What we did

35mm Negative Strips to uncorrected JPG or TIFF files.


The Ross Institute is a …. (a couple sentences about the type of company here).

They first approached usĀ in 2009 with an archive of 35mm negatives stored in acid-free sleeves in dozens of binders. The archive totals more than 100,000 images, and they were looking for the best possible quality but within their budget.

We used [scanner name here] to transfer the image files before editing them in Photoshop.
Header Image

The Results

35mm Negative Strips to uncorrected JPG or TIFF files.

Over the course of three years the archive was split into large batches of about 20,000 frames to spread the cost and to allow time to develop and understand the digital management system once the files were delivered back to the Institute.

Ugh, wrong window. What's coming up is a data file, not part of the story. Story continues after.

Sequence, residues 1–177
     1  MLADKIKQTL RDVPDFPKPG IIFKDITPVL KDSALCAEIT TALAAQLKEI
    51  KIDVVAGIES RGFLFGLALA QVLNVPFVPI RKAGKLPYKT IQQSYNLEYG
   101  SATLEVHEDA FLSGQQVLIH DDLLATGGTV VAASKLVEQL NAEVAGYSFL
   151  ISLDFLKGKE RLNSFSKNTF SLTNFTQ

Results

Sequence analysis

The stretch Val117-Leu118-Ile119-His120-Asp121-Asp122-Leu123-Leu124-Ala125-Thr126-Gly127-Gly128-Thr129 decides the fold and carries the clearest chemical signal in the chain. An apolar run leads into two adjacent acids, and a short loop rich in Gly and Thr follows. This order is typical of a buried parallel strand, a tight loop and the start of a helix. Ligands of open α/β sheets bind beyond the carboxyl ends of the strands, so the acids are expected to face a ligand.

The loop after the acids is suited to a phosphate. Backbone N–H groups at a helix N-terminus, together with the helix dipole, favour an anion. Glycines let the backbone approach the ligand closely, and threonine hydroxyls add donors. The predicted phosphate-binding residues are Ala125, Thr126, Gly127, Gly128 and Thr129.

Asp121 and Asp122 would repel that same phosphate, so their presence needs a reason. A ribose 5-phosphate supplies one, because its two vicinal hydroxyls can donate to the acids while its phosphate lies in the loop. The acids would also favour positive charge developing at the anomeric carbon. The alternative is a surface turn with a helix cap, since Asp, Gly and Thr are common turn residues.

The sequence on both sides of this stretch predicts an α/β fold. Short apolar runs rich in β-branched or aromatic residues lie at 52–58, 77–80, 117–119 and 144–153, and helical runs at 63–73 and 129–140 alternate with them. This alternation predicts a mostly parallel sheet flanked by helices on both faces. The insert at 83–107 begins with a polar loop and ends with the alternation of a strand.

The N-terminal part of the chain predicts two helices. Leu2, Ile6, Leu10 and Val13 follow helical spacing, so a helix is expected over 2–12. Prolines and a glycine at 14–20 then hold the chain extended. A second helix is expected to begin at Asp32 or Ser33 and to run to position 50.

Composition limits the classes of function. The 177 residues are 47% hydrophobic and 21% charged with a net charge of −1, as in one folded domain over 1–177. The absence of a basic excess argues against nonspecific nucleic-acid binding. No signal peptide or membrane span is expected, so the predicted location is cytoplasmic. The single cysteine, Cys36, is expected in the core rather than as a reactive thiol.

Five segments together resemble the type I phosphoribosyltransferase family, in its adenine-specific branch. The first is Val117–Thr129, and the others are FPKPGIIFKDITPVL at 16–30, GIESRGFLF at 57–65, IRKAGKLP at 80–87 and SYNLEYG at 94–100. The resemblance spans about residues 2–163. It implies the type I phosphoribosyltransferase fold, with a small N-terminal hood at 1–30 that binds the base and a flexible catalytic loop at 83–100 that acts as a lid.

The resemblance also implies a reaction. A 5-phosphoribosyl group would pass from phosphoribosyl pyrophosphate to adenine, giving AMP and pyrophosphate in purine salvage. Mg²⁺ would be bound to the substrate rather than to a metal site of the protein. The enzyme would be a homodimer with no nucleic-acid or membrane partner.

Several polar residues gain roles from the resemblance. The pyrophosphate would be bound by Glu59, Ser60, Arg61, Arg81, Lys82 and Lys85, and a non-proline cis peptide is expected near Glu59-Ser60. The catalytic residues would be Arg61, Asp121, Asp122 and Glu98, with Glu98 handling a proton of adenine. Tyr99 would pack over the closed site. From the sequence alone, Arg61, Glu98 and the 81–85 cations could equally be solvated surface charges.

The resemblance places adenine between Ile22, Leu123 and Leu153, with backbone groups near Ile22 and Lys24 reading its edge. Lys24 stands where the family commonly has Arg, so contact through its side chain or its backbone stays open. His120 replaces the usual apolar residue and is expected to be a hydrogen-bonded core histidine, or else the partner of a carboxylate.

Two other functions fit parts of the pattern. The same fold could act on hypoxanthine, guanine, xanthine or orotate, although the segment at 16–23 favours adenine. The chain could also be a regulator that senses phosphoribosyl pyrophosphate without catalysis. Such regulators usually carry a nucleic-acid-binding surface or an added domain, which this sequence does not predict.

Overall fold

Each frame was scanned to TIFF and JPG files with our default Photoshop Level 10 compression, which is near lossless, and organized in folders according to roll. Folders were named based on their written labels, and when each batch was completed the files were offloaded to their hard drive for transport to their in-house servers. As is our standard procedure, the files were kept backed up on our server for 30 days to give them time to ensure their backup was secure and the files satisfactory.